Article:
Sunday, March 20, 2011


After a week of concentrated effort, I got my Kaleidoscope center finished and then let it ripen a bit on the design wall while I figured out just what to do for a border.  It seems that everyone in the family had a different opinion.  I even brought it to the quilt shop and got divided opinions there, too.

Finally, I decided on the first border, a black background with neon green and turquoise pattern.

That added a nice separator between the center and the outer border, but then what?

In the book there are a couple of examples of borders where the quilter took the leftover bits from cutting the wedges and created a crazy patch border.  I spent a fun evening playing with the scraps and created the beginnings of a crazy patch border:

Making the crazy patches was fun after all the precise piecing  of the center, but to me, it detracted from the orderly symmetry of the center.  So next, I tried a straight piano key border:

I like this one better, but I took it one step further, and added a black square to the corners:

Now I'm happy with the border idea, and the next step is to make it happen.

Here are a few notes I have made to myself while making this quilt:
  • Accuracy really is everything.
  • Use a dry iron. Steam and bias edges don’t mix.
  • This is the time to use “fine” pins. They pierce the fabric with much less effort so that there is less chance of stretching the bias when pinning.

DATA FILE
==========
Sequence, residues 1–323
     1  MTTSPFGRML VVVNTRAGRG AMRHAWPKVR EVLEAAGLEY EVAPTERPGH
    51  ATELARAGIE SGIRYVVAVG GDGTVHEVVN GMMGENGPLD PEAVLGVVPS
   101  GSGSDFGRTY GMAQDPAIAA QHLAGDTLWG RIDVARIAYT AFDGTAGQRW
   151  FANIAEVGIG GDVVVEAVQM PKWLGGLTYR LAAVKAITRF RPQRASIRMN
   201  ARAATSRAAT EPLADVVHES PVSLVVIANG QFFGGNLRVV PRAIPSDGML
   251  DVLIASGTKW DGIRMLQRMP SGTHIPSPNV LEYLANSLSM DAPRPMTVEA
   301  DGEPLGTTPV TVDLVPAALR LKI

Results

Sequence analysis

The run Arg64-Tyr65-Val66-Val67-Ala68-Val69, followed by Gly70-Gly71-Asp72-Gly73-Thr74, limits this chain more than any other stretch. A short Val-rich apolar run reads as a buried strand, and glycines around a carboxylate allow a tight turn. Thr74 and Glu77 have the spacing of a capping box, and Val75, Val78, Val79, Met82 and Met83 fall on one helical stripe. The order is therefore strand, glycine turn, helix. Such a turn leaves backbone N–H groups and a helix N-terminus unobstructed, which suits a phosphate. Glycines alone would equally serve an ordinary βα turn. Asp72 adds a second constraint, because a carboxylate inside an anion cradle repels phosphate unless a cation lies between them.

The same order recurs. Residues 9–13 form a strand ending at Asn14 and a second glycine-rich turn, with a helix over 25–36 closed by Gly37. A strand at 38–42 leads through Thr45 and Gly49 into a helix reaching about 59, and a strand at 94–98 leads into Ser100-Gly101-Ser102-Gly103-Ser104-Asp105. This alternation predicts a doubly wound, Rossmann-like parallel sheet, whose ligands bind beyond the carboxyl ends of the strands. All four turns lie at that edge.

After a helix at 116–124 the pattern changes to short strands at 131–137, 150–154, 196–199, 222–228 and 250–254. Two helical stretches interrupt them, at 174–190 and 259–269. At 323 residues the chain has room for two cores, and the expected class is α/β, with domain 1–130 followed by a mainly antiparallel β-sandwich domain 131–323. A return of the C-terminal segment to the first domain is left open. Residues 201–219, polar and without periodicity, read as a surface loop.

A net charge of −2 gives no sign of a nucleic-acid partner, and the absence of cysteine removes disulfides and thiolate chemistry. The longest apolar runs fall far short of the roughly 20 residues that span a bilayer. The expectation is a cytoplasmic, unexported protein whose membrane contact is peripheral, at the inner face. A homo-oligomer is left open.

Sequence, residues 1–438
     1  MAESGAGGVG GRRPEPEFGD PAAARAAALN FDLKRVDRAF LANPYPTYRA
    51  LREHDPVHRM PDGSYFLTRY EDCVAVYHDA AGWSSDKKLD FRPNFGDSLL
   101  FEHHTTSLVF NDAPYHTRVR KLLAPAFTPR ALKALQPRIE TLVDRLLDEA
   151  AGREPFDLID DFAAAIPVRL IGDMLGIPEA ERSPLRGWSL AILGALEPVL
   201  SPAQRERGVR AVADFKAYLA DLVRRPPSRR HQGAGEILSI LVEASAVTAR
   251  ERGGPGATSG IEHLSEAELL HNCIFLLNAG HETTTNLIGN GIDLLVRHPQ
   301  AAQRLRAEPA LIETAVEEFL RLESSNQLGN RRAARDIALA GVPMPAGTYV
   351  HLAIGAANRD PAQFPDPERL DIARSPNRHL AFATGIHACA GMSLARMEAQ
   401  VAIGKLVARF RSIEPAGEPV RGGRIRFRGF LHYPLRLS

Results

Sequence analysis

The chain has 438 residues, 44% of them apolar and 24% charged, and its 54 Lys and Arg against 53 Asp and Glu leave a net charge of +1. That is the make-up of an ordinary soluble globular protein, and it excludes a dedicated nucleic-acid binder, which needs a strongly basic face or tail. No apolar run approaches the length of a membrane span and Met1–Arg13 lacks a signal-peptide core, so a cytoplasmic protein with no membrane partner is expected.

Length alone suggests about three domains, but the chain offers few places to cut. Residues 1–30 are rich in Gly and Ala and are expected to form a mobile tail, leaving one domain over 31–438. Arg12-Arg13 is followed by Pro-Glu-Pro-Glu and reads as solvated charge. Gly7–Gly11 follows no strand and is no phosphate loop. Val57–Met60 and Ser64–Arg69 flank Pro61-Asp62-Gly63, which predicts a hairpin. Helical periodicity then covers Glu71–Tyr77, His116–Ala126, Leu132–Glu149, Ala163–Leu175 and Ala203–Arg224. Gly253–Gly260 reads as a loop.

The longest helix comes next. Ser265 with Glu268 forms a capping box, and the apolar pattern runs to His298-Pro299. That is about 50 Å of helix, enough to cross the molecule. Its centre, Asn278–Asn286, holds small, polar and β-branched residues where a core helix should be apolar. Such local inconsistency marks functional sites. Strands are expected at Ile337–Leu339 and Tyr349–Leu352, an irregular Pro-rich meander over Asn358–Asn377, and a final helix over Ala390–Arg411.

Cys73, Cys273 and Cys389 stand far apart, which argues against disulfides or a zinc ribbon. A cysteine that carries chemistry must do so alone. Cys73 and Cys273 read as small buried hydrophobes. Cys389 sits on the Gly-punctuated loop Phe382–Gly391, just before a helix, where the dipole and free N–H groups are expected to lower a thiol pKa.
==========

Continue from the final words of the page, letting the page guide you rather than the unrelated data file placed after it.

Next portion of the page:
• I used a new, Microtex sharp needle #80 in my machine. I didn’t do an actual test, but I think the sharper needle helped avoid pieces being pushed down into the feed dogs when sewing, especially at the start and the end of a seam.
  • Take the time to examine each of the 12 wedges after you have them sewn, but before you start to piece them all together. Ricky Tims has you iron (?!) an unused wedge template onto the finished wedge to verify it’s size. (see photo page 29), but I did not think that was a good idea. Freezer paper adheres slightly to fabric, and I think it would put unnecessary stress on the bias edges when you removed the paper. I just used a ruler to check that the edges were all straight. A few times there was an unexpected “bump out” in what should have been a straight edge. In that case, I very judiciously trimmed a little bit here and there to make each wedge as accurate as possible.
  • Don’t rush. It’s exciting to see each pair, and each wedge come together, but it’s not worth having to rip out a seam later.

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  1. I like the orderly border much more than the scrap bits. I had the same idea in the beginning but it was too challenging and too messy looking. I love the inner border you chose. It's perfect. I need to get busy and finish mine :-)

  2. The Piano key border goes much better with the quilt than the other border. What a great accomplishment to have made this quilt. It is a bit more than I think I can do. You did a great job.


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